Do what’s right for the patient. This proclama- tion is the bedrock of the American College of Surgeons (ACS). It is our lodestar and the cardinal principle of the original Oath of 1913 and of the
Fellowship Pledge that Initiates make today.
Our calling, our mission, our passion are education and quality. These two objectives have been the
watchwords of our College since the beginning. They
are today and will be tomorrow.
Development and great progress in American surgery have come from surgeons—not imposed from
without—who recognized the shortcomings of the
present and set out to correct them for the future.
In this address, I would like to tell you the story
of the College—the who, what, why, and how of the
• Who: Individual surgeons recognizing a pressing need
• What: Improved education to ensure quality.
• Why: Surgical education and training were characterized by a lack of standards.
•How would this be done?
An organization would eventually be formed that
would have as requirements for membership standards for surgical competence and character of the
applicants, affirmed by their peers. The organization
would advance the science of surgery and the competent practice of its art and eliminate the incompetent
and occasional operator—to do what’s right for the
Within 25 years of its founding, the College established standards for educating surgeons, standards
for hospitals, and standards for graduate training for
general surgery and the surgical specialties. These
accomplishments did not happen simultaneously
but sequentially. As one set of standards was set, it
became evident that another would be required—to
do what’s right for the patient.
Dr. Martin’s vision
Who was Franklin H. Martin, MD, FACS—and why
did he decide to take on these challenges?
To fully understand Dr. Martin’s vision, we must
examine the state of medical education in the late 19th
and early 20th century. It was deplorable. Abraham
Flexner issued a report in 1910 titled Medical Education
in the United States and Canada. 1 The Flexner Report, as
it is commonly referred to, noted 155 existing medical
schools and placed each of them in one of three divi-
sions. 1, 2 Group I included 22 schools that required two
or more years of college work for entrance; Group II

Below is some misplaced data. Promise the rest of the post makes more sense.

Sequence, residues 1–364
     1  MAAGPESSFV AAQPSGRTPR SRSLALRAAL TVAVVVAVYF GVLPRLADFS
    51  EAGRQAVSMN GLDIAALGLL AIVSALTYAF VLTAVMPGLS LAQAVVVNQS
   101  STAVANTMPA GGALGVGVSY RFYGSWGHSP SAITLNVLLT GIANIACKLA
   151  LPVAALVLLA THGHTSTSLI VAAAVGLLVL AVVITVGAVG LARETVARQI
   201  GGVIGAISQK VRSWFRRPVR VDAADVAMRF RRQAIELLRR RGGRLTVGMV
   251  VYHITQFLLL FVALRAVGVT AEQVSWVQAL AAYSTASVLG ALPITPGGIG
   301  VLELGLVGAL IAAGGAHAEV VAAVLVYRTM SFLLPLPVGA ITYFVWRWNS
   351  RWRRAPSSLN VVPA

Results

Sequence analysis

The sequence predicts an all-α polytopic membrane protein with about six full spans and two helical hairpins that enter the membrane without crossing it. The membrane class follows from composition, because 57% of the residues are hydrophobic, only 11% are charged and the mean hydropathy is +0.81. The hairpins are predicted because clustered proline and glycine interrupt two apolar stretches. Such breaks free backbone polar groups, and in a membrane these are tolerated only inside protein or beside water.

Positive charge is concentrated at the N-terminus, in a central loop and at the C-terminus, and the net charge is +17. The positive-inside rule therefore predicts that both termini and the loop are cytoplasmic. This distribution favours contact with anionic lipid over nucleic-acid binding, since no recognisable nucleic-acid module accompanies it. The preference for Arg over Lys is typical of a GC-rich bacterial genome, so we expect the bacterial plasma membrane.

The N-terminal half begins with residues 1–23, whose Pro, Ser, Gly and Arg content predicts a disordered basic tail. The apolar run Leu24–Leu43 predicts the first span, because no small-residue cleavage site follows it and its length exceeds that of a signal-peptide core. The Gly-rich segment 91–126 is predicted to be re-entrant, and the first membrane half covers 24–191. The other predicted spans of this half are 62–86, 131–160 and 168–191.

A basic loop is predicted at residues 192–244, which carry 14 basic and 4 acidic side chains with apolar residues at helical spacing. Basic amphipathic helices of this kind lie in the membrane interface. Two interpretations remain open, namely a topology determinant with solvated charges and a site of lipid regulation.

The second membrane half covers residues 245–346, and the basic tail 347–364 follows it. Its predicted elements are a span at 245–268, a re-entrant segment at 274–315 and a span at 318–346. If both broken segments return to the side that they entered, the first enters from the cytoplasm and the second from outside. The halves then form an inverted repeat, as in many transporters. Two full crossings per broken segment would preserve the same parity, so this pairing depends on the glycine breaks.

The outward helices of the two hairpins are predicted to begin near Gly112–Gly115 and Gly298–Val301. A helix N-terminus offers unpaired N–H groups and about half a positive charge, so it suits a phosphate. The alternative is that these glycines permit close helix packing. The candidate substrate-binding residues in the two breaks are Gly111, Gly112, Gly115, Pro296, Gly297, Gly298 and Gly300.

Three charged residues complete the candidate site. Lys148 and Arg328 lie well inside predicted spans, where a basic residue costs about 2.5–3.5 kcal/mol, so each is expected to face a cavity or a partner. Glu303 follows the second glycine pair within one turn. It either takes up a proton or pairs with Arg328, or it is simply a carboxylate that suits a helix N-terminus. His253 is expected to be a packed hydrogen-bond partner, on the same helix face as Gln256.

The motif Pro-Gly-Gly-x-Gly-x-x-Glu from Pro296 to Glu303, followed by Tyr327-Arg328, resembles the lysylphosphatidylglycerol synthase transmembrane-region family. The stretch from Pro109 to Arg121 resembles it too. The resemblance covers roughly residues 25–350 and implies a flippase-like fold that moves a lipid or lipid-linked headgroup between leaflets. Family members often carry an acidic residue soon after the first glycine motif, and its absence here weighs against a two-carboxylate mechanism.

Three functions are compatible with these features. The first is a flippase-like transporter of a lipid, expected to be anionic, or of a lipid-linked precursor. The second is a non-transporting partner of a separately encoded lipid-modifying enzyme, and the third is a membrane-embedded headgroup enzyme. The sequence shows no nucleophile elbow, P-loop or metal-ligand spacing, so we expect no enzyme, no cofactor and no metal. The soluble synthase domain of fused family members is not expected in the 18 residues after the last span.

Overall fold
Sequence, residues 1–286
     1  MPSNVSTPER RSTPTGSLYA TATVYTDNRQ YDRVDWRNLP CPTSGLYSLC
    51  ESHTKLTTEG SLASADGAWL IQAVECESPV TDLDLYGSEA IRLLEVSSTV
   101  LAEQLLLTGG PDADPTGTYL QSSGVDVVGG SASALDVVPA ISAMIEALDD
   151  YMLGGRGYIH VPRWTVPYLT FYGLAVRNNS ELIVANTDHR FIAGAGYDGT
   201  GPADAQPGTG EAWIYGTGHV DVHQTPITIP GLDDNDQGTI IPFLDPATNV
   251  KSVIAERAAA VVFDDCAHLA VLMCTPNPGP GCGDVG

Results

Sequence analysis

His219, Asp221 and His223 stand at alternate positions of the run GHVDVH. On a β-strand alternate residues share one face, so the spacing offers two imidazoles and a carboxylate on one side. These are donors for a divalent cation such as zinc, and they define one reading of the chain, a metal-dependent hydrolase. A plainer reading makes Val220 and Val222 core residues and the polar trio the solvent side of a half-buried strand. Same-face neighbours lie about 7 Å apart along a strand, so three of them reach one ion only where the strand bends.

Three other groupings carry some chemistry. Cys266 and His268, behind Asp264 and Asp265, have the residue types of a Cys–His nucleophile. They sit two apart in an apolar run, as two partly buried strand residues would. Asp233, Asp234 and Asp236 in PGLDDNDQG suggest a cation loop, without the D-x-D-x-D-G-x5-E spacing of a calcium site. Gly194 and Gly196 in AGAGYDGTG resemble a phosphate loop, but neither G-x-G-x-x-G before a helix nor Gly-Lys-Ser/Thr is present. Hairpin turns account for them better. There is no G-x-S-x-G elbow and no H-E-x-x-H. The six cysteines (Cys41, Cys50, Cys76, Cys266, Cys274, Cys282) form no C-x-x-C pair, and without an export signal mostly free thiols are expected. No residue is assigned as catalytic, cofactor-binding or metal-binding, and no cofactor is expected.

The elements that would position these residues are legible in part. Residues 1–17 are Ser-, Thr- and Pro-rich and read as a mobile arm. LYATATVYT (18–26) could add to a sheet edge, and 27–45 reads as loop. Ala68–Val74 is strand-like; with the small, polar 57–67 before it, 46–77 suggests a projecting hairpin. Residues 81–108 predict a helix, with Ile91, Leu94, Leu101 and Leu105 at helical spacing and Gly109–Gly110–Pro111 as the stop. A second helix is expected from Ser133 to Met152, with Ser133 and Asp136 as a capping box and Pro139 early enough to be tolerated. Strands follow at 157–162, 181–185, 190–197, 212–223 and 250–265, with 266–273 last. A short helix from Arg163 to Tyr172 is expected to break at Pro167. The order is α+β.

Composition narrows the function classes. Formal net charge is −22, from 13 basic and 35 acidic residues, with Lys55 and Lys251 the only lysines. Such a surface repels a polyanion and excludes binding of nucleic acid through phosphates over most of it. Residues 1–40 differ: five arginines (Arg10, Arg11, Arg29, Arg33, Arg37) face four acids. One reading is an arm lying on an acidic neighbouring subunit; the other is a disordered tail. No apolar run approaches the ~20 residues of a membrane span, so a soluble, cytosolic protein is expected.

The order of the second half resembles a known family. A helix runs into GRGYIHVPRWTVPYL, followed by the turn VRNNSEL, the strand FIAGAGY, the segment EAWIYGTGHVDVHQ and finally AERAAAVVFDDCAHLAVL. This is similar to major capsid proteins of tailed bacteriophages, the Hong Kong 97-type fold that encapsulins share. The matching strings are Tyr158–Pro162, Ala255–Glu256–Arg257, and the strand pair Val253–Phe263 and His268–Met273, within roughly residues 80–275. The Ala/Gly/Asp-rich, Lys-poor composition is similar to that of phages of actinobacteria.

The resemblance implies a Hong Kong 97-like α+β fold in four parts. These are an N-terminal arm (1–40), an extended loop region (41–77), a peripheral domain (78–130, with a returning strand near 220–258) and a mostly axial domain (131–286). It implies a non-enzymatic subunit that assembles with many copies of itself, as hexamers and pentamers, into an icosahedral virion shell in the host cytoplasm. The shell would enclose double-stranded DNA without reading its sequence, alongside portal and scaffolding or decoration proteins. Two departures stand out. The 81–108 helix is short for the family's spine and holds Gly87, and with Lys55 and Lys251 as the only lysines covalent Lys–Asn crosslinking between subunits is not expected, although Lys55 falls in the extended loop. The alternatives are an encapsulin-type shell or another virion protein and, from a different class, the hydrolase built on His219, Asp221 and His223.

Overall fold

comprised 50 schools that demanded actual graduation
from a four-year high school or its “supposed equiva-
lent”; and Group III was composed of 83 schools that
asked “little or nothing more than the rudiments or
the recollection of a common school education.”
State Boards of Medical Examiners were no help.
A total of 82 different boards were operating in 49
states and territories; all required only a written exami-
nation. A graduate of a medical school who passed a
state board examination and received a medical license
could enter practice the same day—without any formal
postgraduate training or restrictions on scope of prac-
tice. Internship was not required for licensure until
1914.3 Those individuals who wanted to become a sur-
geon would apprentice themselves to an established
surgeon upon whose skill and knowledge their edu-
cation depended. Furthermore, it required that the
senior surgeon remain current. This relationship often
lasted years. No standards were in place for medical
education, for postgraduate training, or for hospitals.
Now a bit more about Franklin Martin and what
drove him. He was born in 1857 in Ixonia, WI. He
was raised and went to school in a rural setting and
he worked in various manual labor jobs as a teenager.
In his autobiography, Dr. Martin wrote that in 1876,
“on a blistering day in August” as he was working in
the fields, he saw the local doctor, nicely dressed, drive
by in his buggy. At that moment, he decided he would
“be a doctor.” 4
Dr. Martin found an apprenticeship; entered Chicago Medical College, IL, in 1877; graduated in March